New York natives and sampling masters Phantogram graced the Ogden Amphitheater stage last Saturday. Sarah Barthel and Joshua Carter make up the dyad of dream pop, electronica and a sprinkle of nostalgic ’90s trip hop. Since 2007, Phantogram have been spinning their delights, initially under the moniker Charlie Everywhere (thank god for name changes).
A Saturday night at Ogden Twilight is a truly special treat, with only a small few of the season’s awesome offerings occurring on the weekend. Having rivaled the downtown Twilight series for a few years now, Ogden’s sister series has become a massive standout in the Utah live music array.
Palace of Buddies
The first opener, locals Palace of Buddies, came in sounding like “Paranoid Android”-era Radiohead and gave a subtle spoiler to the escalating, highly electronic joys of the evening. Bless this local duet for wedding themselves amongst the extremely crowded stage rife with multiple drum kits and midi keyboards.
A hearty crowd was at hand due to the perfect, tail-end of summer Saturday-evening setting. As usual. Downtown Ogden made a pleasantly bustling dinner rush foundation for the night.
Mid-evening second rounder Bob Moses (deceptively the duo’s moniker only) served as a painfully cool stage mix of intense, rock-meets-dark-synths music à la ’90s Depeche Mode—Songs of Faith and Devotion, Violator, Ultra. Moses made an absolutely stellar accompaniment for Phantogram, and was yet another two-person combo. It’s unclear if this commonality was serendipity or just brilliant concert programming… likely the latter. The raw, traditional rock band format met with surprising and slick synths made Moses an outright showstopper across their entire short but fantastic set, wherein the second half they even pulled some Nirvana riffs from their stylish hat.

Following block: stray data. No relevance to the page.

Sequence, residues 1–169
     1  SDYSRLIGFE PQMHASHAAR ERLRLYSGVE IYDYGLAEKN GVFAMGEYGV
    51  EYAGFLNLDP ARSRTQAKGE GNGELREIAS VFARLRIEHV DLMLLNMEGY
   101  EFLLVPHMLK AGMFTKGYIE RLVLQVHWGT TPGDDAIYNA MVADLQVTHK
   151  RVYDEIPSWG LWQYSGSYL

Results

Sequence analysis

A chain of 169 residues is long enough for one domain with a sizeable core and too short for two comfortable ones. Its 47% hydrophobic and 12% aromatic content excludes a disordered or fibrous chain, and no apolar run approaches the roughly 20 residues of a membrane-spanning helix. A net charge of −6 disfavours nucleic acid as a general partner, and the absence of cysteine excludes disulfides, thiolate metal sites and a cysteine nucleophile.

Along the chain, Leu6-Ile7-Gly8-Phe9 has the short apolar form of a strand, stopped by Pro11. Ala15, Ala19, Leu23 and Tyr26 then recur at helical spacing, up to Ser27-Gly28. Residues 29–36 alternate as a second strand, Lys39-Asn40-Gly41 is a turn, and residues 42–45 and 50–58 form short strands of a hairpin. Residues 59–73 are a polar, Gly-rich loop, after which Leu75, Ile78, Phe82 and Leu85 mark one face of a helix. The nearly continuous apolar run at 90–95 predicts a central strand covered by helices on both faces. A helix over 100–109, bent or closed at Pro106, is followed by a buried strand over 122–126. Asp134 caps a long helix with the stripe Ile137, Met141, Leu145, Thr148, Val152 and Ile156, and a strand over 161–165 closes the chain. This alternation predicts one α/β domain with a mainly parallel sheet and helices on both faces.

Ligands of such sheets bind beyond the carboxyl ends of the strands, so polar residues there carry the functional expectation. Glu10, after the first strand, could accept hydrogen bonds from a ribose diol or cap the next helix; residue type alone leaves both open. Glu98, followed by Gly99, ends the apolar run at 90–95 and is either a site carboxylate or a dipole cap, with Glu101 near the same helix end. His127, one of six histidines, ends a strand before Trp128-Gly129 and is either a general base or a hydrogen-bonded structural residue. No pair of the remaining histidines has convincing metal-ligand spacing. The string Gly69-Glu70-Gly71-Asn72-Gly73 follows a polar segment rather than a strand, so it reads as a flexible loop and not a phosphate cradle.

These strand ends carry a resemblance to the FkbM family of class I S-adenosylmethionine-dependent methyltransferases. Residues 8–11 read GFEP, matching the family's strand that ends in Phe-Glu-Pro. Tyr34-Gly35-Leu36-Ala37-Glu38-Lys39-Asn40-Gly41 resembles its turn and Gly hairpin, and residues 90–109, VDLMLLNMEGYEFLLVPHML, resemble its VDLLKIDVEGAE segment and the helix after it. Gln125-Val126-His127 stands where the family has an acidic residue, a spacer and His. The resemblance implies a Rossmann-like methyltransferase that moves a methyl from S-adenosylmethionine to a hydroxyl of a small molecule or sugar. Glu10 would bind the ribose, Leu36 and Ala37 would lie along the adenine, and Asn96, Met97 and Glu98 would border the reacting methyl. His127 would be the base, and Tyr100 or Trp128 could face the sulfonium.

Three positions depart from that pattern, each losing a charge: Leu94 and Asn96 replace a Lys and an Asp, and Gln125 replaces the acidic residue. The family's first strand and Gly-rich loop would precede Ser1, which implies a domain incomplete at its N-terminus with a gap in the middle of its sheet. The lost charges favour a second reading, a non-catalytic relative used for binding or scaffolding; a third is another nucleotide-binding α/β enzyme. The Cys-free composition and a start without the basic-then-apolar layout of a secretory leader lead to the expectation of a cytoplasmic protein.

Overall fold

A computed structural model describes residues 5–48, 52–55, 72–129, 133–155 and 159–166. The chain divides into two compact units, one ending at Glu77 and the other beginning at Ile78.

The night was Phantogram’s second show of their current tour, initiated with a flush of massive beach balls hovering above the crowd as the sun finally and fully dropped. Apparent by the T-shirt throwers and badging, the show was sponsored by a once second-fiddle American cola conglomerate. Once the overt product placements subsided, Phantogram came onstage in smoke and mirrors and mild dramatics. Backed by glowing anatomical and oceanic visuals, Barthel’s all-silver, hippie angel outfit entranced alongside her odd yet intense movements as she immersed in their signature sound.
Several classics and newer hits from their yet-unannounced forthcoming album rounded out the set list. They remained tight-lipped about said LP, and gave just a few clever apéritifs.
A year and a half since their last tour and a period of “knocking off the rust,” Barthel paused midway through the show to speak to the impact of suicide, having lost her sister to it three years prior. Barthel gave a brief and vulnerable treatise and dedicated the following song to said sibling. She stood stock still holding two hand mirrors towards the crowd into the stream of the spotlight at the crescendo, ostensibly in representation of visibility and breaking the bonds of darkness.
Phantogram finished the night with an encore including a couple slower jams, winding the crowd down and mellowing them before the post-gig diaspora began. Streams of only slightly noisy attendees poured out of the Ogden Amphitheater and into the balmy summer night. If you’ve not seen this lineup, let alone at the fabulous Ogden Twilight, put it on your concert bucket list.